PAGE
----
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The CT Siting Council is the ultimate decision maker on cell tower placement and design, but towns still have a say. More....

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Cell phone users want clear, reliable reception wherever they go. The July 27th edition of the Villager reported that a public hearing is scheduled for August 13th on a proposed cell tower on 129 Old Turnpike Road in Woodstock.  This prompted me to dust off some recommendations on telecommunication facilities that I had submitted (as a private citizen) to the Woodstock Planning & Zoning Commission.

In one letter written four years ago, I noted that it was inevitable that at some point in the future this area will be explored by cell tower companies looking to expand their customer base.  I suggested that the Planning & Zoning Commission and the Town be proactive, and work together with the State of Connecticut Siting Council to develop a plan to site cell towers in such a way as to minimize the total number and impact.  If towns do not take the lead in charting their future, it will be done by others who have less of a vested interest in the area.

Even though the Siting Council is currently the ultimate decision maker on cell tower placement and design, towns still have a say.  The telecommunications applicant and the Siting Council are required to consult with the town.  In a press release in November of 2000, the Siting Council stated that, "While there may have been a refinement in jurisdiction, we strongly believe that municipal efforts and supporting documents should be maintained and will continue to be useful, and they should not be dismissed or abandoned."  So, although towns no longer have the authority to approve or deny local applications, the Siting Council agrees that, "Municipal input and guidance is absolutely necessary for this process to work."

Here are some of the recommendations I submitted for consideration, after researching best management practices nationwide:

  1. Towers and other supporting structures for antennas should be limited to a height at or near that of the forest canopy.  Antenna facilities should be placed on downslopes, rather than at the highest possible elevations, to prevent their being silhouetted against the sky.  This would reduce the impact on scenic vistas.  Height limitations would also alleviate the need to adhere to Federal Aviation Administration lighting requirements.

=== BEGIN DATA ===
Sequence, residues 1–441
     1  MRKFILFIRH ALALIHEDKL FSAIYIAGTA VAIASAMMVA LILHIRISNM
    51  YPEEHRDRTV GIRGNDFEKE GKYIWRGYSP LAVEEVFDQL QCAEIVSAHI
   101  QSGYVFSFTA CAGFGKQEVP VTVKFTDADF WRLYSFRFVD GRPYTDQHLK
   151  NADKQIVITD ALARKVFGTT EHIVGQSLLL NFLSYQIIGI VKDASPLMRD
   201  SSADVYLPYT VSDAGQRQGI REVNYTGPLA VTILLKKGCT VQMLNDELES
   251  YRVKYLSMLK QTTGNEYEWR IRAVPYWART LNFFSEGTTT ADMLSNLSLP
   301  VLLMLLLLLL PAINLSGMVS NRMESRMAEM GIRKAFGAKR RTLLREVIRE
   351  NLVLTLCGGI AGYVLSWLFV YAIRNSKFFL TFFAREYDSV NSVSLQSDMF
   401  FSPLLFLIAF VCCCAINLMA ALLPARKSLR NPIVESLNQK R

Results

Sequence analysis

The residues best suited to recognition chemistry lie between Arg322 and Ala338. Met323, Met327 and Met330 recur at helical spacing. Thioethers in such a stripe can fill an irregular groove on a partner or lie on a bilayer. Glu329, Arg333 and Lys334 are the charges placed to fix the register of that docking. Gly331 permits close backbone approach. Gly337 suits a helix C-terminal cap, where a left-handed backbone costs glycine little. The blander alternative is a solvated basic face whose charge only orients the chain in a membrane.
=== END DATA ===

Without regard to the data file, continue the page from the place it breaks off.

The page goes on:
2. Cellular towers should be located in commercial or industrial areas in highway corridors.

  3. Service providers should be required to provide substantial evidence that they are requesting permits for the least intrusive facilities available in the least intrusive locations under the circumstances.  

  4. Multiple antennas should be co-located on a single structure or clustered together on a single parcel of land.  Providers should be encouraged to share towers instead of building separate adjacent towers.

  5. Whenever possible, antennas should be placed on existing structures, such as electric-transmission towers.  Monopoles disguised as flags, or church spires, or realistic trees can be used to support antennas if the height is not excessive.  

  6. Fences, electrical sheds, and other parts of a telecommunications facility should be painted to blend in with the natural background.  No advertisements on towers should be allowed.

  7. Homeowners who will be impacted (either visually or by changes in property value) should be individually notified of proposed cellular towers.  A balloon at the maximum height of the proposed tower should be floated for at least one week, so owners can draw informed conclusions about the impact of the proposed cellular tower on their property.

  8. Telecommunications companies should fully include the community, town, federal and state agencies in planning for antennas, in part to avoid areas that are sensitive from a natural or cultural resource standpoint. 

  9. Removal of towers should be required in case of disuse or noncompliance with standards.

If interested parties work and plan together to design and select options that minimize the negative impacts of any new facilities, we can all enjoy the telecommunications technology while protecting the natural beauty and cultural resources of the Quiet Corner.   

Bet Zimmerman is a Certified Environmental Professional.

Originally published in the Villager newspapers on August 3, 2007

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